Global sea level rise: World at threat

By Irengbam Jenny | Last Updated: Wednesday, June 4, 2014 - 19:53

Irengbam Jenny

A glacier is a persistent body of dense ice that is constantly moving under its own weight. It forms where the accumulation of snow exceeds its melting and sublimation over many years, often centuries. Glaciers slowly deform and flow due to stresses induced by their weight, creating crevasses, seracs, and other distinguishing features. They form only on land and are distinct from the much thinner sea ice and lake ice that form on the surface of bodies of water.

Glacial ice is the largest reservoir of freshwater on Earth. Glacial mass changes are considered among the most sensitive indicators of climate change and are a major source of the variations in sea level.

Current sea level rise is about 3 mm/year worldwide. Sea level rises can considerably influence human populations in coastal and island regions and natural environments like marine ecosystems.

There are two main mechanisms that contribute to observed sea level rise: (1) Thermal expansion: i.e. ocean water expands as it warms up; and (2) The melting of major stores of land ice like glaciers and ice sheets.

Global warming is the primary cause of current sea level rise. Human activities, such as burning coal and oil and cutting down tropical forests, have increased atmospheric concentrations of heat-trapping gases and caused the planet to warm by 1.4 degrees Fahrenheit since 1880.

Climate-Related Contributions to Global Sea Level Rise

Rising temperatures are warming ocean waters, which expand as the temperature increases. This thermal expansion was the main driver of global sea level rise for 75 - 100 years after the start of the Industrial Revolution, though its relative contribution has declined as the shrinking of land ice has accelerated.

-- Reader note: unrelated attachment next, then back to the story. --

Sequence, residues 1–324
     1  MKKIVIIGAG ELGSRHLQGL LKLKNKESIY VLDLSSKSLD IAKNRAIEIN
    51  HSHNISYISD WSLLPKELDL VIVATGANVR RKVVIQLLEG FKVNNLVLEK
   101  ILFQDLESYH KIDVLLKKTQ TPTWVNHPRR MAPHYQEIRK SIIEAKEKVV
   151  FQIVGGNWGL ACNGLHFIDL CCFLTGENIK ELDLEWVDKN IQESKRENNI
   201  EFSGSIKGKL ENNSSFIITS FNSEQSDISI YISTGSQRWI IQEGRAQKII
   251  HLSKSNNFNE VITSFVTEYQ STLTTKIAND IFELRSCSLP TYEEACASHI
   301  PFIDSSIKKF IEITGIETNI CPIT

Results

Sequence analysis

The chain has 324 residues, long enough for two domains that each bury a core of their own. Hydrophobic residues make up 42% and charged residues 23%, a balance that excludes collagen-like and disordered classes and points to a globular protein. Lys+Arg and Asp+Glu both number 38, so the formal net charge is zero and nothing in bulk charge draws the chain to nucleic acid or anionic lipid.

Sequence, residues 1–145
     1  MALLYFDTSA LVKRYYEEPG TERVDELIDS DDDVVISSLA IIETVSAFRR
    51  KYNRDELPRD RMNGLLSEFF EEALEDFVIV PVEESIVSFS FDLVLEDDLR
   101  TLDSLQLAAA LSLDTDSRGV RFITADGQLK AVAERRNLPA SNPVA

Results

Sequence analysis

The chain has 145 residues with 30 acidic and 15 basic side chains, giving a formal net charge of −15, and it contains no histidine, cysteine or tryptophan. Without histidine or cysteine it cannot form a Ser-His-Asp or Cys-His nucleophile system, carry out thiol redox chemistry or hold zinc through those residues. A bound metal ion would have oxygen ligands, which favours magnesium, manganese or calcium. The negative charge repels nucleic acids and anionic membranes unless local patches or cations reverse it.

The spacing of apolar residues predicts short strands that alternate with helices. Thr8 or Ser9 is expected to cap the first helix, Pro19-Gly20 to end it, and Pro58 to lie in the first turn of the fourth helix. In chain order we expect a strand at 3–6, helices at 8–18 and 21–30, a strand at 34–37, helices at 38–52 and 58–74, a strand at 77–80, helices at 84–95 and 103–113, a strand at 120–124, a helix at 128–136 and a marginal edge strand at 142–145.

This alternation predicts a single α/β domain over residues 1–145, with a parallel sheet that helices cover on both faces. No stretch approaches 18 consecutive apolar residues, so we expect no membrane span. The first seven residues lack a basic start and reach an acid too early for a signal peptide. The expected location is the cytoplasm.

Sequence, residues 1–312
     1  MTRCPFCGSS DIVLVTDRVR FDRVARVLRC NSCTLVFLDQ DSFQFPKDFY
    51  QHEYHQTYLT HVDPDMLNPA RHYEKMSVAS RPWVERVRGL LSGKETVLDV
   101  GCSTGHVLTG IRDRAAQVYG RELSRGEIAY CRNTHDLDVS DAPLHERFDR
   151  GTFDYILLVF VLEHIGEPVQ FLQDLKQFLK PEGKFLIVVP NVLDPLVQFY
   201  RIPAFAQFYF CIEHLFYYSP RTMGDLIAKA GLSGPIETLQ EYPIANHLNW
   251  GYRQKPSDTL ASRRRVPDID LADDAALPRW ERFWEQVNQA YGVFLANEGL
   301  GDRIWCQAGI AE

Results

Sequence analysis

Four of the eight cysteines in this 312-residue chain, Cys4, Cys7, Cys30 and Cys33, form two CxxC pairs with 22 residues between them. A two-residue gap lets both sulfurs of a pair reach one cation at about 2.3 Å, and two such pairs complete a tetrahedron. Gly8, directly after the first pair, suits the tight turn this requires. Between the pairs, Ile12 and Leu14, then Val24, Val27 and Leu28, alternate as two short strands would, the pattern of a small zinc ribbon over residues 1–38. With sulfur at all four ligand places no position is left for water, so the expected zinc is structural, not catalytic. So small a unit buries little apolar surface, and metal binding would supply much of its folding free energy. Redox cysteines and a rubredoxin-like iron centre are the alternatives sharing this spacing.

Rising sea levels allow waves to penetrate further inland, even during calm conditions, increasing the potential for erosion.

What is the global threat of glaciers melting?

The key milestones for a possible future sea-level rise timeline are:

World sea-level is expected to rise 60cm to 70cm by 2100; but this is mostly due to thermal expansion because when the sea gets warmer, it expands. Significant glacier melting in Artic, Antarctic, Himalayan and Alpine regions could produce another metre of sea-level rise by around 2200.

Who is most at risk from glaciers melting and sea levels rising?

People living in impoverished areas are more vulnerable to the effects of sea level rise than richer places and people because they lack the capacity to change with the threat. Sea level rises over the next hundred years or so are likely to cause more mass migrations than mass mortality because the time-scale for sea level rise is such a long one that changes are likely to be gradual. It is unknown where the world`s poorest people will migrate in order to escape rising sea levels and what the consequences of this movement will be.

Where in the world will the greatest impact of climate change and melting glaciers be felt?

Melting glaciers have several different effects. The melting of glaciers in the Himalayas will affect the drinking supplies of the millions of people who rely on melt-water rivers. When sea levels rise, people living close to sea level will have their homes flooded. Out of the four places suggested: Asia, Africa, the Arctic and the Amazon, the impact of climate change and melting glaciers is likely to be felt most in Asia, because this is the region that has the highest population.

The Inter-Governmental Panel on Climate Change has projected major eustatic changes in sea-level over the next 100 years if CO2 levels continue to climb towards the danger level of 550 parts per million. It has long been recognised that any sea level rise will have a disproportionately bigger effect on some countries than others.

Current rates of sea level rise from satellite altimetry have been estimated in the range of 2.9 to 3.4 ± 0.4 to 0.6 mm per year for 1993–2010.This exceeds those from tide gauges. It is unclear whether this represents an increase over the last decades; variability; true differences between satellites and tide gauges; or problems with satellite calibration. The current altitude of a satellite which can measure sea level to a precision of about 20 millimetres is primarily complicated by orbital decay .Over water, the height is calibrated from tide gauge data which is needed to correct for tides and atmospheric effects on sea level.



First Published: Wednesday, June 4, 2014 - 18:27

comments powered by Disqus